Social unrest, looting and damage has dealt a further body blow to liquor traders
Following the damage done by riots, looting and arson in KwaZulu-Natal and Gauteng last week, Pick n Pay Group CEO Pieter Boone has appealed to the government to lift the liquor ban to help traders recover.
Boone said Pick n Pay had updated stakeholders earlier this week on damage to Pick n Pay and Boxer stores and infrastructure as a result of last week’s social unrest and looting.
“In total, 136 of our food, grocery, clothing and building stores were looted and/or burned, along with 76 liquor stores, across KwaZulu-Natal and Gauteng. Two Pick n Pay distribution centres in KZN were also severely damaged,” he said.
The scale and the nature of the destruction is heart-breaking.
“Following up on my visit last week, I have spent yesterday and today on the ground in Gauteng and KZN, visiting our damaged stores, and meeting affected staff members, franchise partners and other stakeholders. The scale and the nature of the destruction is heart-breaking. But I have been inspired by the progress made by our Pick n Pay and Boxer teams in the noble task of cleaning up, rebuilding, and restocking our stores – getting them ready to welcome customers again. The progress since I was here last week is massive. Every day, our teams are accelerating their progress and shortening their timescales.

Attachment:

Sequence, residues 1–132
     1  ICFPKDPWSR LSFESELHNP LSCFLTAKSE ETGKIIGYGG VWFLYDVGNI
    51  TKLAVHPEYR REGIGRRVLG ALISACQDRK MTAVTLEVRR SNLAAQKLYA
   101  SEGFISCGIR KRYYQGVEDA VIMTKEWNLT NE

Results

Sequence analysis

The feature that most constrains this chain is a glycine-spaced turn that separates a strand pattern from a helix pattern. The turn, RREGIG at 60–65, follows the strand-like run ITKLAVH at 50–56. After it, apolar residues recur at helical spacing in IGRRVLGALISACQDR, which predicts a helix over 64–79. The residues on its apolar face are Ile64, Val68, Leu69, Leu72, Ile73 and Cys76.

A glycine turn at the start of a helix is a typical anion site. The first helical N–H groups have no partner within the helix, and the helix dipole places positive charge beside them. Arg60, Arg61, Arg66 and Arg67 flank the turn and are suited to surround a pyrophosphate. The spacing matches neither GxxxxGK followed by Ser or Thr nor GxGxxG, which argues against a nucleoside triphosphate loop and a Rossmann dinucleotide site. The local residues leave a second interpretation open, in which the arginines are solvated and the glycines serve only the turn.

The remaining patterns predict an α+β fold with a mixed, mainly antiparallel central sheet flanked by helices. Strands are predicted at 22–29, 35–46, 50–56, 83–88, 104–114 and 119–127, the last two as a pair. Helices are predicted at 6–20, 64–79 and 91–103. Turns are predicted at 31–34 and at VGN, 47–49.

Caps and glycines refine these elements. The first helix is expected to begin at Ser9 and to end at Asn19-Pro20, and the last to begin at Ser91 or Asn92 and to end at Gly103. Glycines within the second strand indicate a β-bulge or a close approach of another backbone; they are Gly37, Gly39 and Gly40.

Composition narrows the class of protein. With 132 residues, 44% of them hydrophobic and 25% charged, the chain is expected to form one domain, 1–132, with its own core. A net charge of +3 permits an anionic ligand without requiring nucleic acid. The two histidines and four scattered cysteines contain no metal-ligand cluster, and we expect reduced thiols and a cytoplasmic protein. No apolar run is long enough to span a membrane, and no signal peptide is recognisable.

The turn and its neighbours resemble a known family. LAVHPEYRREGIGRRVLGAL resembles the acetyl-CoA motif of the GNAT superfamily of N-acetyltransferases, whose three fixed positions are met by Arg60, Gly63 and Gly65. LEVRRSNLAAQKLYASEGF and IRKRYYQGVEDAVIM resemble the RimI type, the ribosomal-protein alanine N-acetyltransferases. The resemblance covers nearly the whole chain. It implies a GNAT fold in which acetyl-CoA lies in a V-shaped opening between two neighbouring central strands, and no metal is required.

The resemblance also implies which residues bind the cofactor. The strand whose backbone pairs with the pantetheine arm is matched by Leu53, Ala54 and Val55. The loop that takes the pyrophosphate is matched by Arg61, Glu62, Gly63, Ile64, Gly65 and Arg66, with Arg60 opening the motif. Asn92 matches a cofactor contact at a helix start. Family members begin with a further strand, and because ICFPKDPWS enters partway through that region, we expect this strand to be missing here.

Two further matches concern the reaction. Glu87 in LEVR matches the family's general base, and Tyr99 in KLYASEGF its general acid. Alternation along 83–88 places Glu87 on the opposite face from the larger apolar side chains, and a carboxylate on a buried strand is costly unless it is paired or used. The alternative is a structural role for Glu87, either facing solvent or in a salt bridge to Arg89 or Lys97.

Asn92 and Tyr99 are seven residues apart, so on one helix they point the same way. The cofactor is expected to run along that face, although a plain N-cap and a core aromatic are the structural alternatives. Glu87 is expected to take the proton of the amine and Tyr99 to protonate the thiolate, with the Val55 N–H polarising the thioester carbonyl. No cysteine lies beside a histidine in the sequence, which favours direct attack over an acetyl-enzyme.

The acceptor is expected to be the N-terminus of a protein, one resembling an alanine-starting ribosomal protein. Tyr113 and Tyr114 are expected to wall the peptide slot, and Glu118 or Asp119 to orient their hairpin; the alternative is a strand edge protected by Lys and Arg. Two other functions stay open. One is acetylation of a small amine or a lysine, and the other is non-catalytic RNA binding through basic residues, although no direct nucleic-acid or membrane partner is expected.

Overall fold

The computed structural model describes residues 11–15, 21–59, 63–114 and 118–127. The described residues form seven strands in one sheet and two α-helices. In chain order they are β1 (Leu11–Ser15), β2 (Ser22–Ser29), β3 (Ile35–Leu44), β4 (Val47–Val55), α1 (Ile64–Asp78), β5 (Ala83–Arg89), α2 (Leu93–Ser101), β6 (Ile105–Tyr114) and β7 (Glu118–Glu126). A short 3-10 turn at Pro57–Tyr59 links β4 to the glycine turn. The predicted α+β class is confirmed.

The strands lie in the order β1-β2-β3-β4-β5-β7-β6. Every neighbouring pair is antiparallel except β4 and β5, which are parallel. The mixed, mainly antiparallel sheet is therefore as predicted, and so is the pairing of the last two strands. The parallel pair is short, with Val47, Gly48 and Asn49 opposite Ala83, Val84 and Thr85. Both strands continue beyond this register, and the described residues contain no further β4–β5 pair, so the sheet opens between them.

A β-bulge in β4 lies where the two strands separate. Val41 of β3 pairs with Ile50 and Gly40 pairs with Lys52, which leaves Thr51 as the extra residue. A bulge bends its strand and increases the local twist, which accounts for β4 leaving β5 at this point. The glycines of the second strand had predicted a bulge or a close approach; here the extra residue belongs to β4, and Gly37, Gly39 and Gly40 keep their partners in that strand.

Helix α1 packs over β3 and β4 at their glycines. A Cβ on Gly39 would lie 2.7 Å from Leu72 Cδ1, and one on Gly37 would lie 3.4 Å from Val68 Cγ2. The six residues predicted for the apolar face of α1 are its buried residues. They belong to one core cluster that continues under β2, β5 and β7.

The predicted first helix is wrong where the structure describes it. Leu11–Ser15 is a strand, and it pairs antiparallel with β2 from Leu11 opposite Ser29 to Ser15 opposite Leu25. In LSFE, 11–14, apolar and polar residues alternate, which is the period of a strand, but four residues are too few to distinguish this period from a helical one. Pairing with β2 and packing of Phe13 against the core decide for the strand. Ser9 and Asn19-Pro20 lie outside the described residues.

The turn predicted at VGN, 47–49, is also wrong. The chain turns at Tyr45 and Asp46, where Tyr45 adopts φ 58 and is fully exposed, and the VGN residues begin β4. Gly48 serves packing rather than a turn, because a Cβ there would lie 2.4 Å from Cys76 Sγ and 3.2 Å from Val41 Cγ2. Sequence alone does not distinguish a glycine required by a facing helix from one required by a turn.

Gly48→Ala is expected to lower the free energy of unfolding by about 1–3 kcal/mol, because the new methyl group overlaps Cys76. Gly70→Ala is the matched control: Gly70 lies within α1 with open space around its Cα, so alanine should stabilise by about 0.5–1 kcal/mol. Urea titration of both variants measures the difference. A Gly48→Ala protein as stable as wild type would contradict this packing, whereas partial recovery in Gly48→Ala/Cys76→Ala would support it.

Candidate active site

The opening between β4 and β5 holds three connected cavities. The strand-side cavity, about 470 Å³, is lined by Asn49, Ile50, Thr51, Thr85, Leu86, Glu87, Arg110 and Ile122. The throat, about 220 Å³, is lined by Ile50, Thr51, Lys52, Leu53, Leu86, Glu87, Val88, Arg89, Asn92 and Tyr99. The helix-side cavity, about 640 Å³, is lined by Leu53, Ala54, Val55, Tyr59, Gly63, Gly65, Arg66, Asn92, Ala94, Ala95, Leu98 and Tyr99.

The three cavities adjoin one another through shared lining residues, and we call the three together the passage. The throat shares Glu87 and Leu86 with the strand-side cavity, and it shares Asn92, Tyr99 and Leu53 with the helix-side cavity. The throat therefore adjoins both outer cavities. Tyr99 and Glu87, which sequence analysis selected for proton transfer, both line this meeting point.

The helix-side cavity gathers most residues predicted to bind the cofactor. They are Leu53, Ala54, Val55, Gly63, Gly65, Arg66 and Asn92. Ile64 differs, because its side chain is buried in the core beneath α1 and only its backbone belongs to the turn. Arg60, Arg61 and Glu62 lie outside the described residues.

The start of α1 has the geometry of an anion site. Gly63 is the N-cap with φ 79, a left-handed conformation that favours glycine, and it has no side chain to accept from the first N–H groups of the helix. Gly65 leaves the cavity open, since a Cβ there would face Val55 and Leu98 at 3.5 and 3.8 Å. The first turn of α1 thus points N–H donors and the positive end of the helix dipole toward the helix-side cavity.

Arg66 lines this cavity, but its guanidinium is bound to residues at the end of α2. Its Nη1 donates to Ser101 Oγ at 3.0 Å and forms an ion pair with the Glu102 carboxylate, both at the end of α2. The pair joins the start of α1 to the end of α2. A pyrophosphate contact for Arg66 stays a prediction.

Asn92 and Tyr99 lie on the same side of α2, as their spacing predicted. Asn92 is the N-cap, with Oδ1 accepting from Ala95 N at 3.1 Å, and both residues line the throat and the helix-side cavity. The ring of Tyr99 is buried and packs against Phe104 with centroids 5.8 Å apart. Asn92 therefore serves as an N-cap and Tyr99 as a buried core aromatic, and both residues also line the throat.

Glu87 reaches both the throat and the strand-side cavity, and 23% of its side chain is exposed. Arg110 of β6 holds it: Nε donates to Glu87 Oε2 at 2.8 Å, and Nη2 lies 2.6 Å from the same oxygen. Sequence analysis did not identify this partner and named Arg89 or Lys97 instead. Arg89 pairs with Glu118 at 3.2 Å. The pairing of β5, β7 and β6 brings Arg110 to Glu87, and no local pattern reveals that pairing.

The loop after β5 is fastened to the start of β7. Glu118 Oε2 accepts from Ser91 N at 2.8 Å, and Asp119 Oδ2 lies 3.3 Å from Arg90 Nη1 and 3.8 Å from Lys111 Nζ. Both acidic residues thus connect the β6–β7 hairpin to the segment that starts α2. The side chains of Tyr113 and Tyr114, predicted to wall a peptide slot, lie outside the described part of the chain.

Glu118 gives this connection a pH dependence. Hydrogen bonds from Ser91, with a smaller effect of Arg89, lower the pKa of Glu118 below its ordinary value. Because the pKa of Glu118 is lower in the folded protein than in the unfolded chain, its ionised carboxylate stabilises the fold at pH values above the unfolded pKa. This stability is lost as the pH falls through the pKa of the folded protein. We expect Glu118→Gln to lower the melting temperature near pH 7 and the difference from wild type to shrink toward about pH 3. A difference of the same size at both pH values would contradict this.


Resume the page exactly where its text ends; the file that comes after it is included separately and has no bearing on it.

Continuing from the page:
Boone initially said the Pick n Pay Group would reopen 32 of their 136 looted or damaged stores by the end of this week, but was pleased to give an update that by the end of next week, the total number of reopened stores – Pick n Pay and Boxer – would rise to 58.
“I have also visited the two Pick n Pay distribution centres in Pinetown, KZN, which were both looted and severely damaged. The progress in repairing and restocking both is remarkable, and we will soon have a fully restored supply chain network,” he said.
“I am seeing amazing progress in such a short time. My thanks go to my colleagues across Pick n Pay and Boxer, our franchise partners, and our vendors, equipment and other suppliers.
A large amount of looted liquor was released into the illicit market.
“Speaking to franchisees and independent traders in the affected areas, I firmly believe that it is time now for the president to announce a lifting of the ban on liquor sales. We have hopefully passed the peak of the Covid-19 third wave. In normal times, many independent shopkeepers depend on responsible liquor sales to sustain their businesses, and will not survive another prolonged ban. The social unrest, looting, and damage has dealt them a further body blow – as well as releasing a large amount of looted liquor into the illicit market.
“Lifting the ban will be widely welcomed across the country as a positive and responsible step forward in our recovery from the events of last week,” he said.
“We are working very hard in anticipation of this step. By the end of next week, we will have repaired and be ready to reopen 28 of our 76 severely damaged liquor stores in KZN and Gauteng.
“Last week I said that South Africa was bloodied but unbowed. This week, everywhere I have been, I have seen the strength and determination of people to rise from the crisis and build a better tomorrow.”